Watch Vanessa live – click here to watch the live stream on Thursday, December 11, 2014.

Vanessa Keitges will be presenting progress against her proposal for small/green business funding to President Obama at the President’s Export Council meeting this Thursday, December 11, 2014 at 11:00 a.m. eastern, and we can all watch it via the live stream found here:  http://www.whitehouse.gov/live.


December 11, 2014
11:00 am – 1:00 pm
Washington, DC

I. Welcome & Opening Remarks

II. National Export Initiative “NEI/NEXT” Update

III. Report on the Fact-Finding Trip to Poland and Turkey

IV. Report on the Review and Prioritization of Prior Recommendations

V. Overview of the Administration’s Trade Agenda and the President’s Trip to Asia

VI. Adjournment

Don’t miss this opportunity to see Vanessa’s work in live action with the President of the United States of America!


Happy green promoting, Vanessa, and continued success!

~ Linda V. & all the readership here on Greenroofs.com!

The People’s Climate March in NYC on September 21, 2014 and the Movie “Disruption”

September 11, 2014 at 3:55 pm

September 11 – today marks the 13th anniversary of the multiple horrific 9/11 attacks here in the U.S.  May we always remember and honor those lost.  On a more positive front, we’re thinking about a world issue and things we can do about it around the globe, and specifically in New York City:


Climate change is one of those hotly debated subjects with so many different points of views, from the sublime to the ridiculous, from fanaticism to complete denial. But I would have to believe that most of us in the living architecture industry have an environmentalist bent and can appreciate the seriousness of this potentially larger-than-life matter at hand.

World leaders will be gathered in New York City for the landmark United Nations Climate Summit 2014 on September 23, 2014 to address the climate crisis where UN Secretary­-General Ban Ki-­moon will urge governments to support an ambitious global agreement to dramatically reduce global warming pollution.


Are you aware of the People’s Climate March in NYC on September 21?  I wasn’t, but it was brought to our attention by our long time Student and Research Editor, Christine Thuring.  In anticipation of the UN Climate Summit, 1,000+ organizations are partnering on the peaceful March, accompanied by solidarity marches around the world.  Businesses, unions, religious groups, environmental groups, schools, social justice groups, and more are participating, including 350.org and Avaaz.org.  You can sign up at both organization for updates and sign a petition in support of climate change.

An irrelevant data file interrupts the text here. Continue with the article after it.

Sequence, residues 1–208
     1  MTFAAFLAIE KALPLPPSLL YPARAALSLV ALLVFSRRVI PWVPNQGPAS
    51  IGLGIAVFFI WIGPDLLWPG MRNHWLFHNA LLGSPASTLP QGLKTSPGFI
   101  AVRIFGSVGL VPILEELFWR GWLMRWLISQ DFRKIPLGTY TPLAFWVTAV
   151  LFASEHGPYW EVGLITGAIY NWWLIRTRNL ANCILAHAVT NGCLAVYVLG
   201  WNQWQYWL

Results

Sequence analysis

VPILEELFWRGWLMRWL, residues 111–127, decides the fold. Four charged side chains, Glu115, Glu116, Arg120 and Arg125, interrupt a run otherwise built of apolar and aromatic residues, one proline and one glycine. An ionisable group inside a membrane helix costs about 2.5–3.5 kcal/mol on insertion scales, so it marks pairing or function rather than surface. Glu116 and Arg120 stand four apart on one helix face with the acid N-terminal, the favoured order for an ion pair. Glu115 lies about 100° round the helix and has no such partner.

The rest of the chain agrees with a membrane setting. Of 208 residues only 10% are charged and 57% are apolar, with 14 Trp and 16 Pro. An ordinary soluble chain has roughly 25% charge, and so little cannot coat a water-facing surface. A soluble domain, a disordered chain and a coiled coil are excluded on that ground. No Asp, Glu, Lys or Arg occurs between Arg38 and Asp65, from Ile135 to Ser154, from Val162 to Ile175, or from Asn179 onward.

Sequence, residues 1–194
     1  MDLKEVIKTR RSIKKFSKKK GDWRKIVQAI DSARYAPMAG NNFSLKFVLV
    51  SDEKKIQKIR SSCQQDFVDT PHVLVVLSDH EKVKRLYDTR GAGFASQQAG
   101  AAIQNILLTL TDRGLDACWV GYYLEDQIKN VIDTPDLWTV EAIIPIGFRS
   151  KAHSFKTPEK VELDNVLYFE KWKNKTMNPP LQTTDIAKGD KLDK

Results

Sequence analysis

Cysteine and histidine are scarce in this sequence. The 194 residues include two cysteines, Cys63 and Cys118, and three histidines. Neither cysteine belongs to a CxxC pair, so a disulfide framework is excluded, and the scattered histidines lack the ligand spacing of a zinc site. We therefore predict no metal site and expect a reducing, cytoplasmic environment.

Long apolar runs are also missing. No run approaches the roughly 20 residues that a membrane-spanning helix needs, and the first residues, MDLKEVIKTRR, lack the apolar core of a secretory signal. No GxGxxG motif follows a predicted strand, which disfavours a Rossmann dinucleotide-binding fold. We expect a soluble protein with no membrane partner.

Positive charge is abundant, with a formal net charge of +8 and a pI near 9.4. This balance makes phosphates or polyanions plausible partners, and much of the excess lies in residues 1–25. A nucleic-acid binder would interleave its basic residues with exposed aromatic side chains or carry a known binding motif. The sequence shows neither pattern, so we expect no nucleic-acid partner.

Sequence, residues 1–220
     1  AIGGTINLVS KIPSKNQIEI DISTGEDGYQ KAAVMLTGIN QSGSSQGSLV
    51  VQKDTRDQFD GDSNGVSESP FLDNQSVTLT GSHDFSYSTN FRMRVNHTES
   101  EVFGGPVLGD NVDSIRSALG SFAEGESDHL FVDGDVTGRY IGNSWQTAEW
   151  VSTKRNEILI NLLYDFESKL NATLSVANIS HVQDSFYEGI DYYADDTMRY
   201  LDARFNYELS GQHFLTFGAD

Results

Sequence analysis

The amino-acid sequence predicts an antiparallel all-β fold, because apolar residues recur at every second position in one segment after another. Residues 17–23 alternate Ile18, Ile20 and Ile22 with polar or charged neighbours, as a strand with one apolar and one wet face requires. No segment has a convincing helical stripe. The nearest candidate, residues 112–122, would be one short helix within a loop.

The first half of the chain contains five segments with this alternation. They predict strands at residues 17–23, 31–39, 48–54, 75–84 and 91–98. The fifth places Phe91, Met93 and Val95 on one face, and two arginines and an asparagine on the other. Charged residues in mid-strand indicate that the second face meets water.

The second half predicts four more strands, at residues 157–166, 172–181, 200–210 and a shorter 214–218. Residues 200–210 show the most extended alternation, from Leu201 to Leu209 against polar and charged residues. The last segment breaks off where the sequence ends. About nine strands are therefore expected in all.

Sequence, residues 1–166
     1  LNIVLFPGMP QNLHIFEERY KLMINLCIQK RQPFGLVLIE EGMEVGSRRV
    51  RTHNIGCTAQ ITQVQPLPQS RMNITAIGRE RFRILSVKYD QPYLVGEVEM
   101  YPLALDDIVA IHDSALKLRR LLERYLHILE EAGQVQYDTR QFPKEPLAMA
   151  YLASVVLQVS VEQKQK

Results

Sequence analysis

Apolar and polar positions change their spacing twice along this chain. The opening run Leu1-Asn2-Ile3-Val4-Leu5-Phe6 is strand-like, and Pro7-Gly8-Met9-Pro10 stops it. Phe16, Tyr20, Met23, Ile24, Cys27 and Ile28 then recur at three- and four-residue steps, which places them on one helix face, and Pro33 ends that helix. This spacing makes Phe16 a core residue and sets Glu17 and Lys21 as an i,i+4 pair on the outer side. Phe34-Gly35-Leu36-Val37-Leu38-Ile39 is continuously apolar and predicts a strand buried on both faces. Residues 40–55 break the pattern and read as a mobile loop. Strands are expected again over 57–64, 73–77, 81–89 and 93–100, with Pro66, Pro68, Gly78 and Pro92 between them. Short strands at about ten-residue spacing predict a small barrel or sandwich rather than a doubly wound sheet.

“There are several different bodies that are convening to collaborate on the People’s Climate March, including local New York-area community groups, international NGO’s, grassroots networks, churches and faith organizations, and many more.

Because this is a “movement of movements” moment, the People’s Climate March is being organized in a participatory, open-source model. This means that there isn’t a central “decision-making” body or single coalition. Rather, groups and individuals are collaborating with some basic shared agreements around respect, collaboration, trust, and many are using the Jemez Principles of Environmental Justice.” ~ PeoplesClimate.org

Released on September 7, 2014, a supporting film that you may be interested in seeing is ‘Disruption’ A Film by Kelly Nyks & Jared P. Scott.


The Synopsis is below:

“‘When it comes to climate change, why do we do so little when we know so much?’

Through a relentless investigation to find the answer, Disruption takes an unflinching look at the devastating consequences of our inaction.

The exploration lays bare the terrifying science, the shattered political process, the unrelenting industry special interests and the civic stasis that have brought us to this social, moral and ecological crossroads.The film also takes us behind-the-scenes of the efforts to organize the largest climate rally in the history of the planet during the UN world climate summit.

This is the story of our unique moment in history. We are living through an age of tipping points and rapid social and planetary change. We’re the first generation to feel the impacts of climate disruption, and the last generation that can do something about it. The film enlarges the issue beyond climate impacts and makes a compelling call for bold action that is strong enough to tip the balance to build a clean energy future.” ~ WatchDisruption.com

We watched the 52:27 movie last night on Vimeo, but you can also watch it on YouTube, on WatchDisruption.com, or even here below:

Is it worth watching?  Definitely.  Is it a scientific documentary per se?  No, not quite, it’s more political in nature.  It does, however, contain enough condensed factual information to make its point.  I believe it assumes that the people who are watching it are pretty familiar with the multitude of years of climate change studies, research, etc., available to us.  Is it full of opinion and emotional heart-pulling calls to action?  It sure is; I believe that is its main purpose, and it does a great job.

The filmmakers are not trying to convince people of climate change here but asking us to join in and do something about it, specifically with the upcoming People’s Climate March in New York City where potentially hundreds of thousands of like-minded people will do the same.

I strongly believe this issue not only needs to be addressed in our lifetimes, but now.

By the way, there is a shot of solar panels galore on top of greenroofed buildings in Germany at about the 41:19 mark:


Please share your thoughts!

~ Linda V.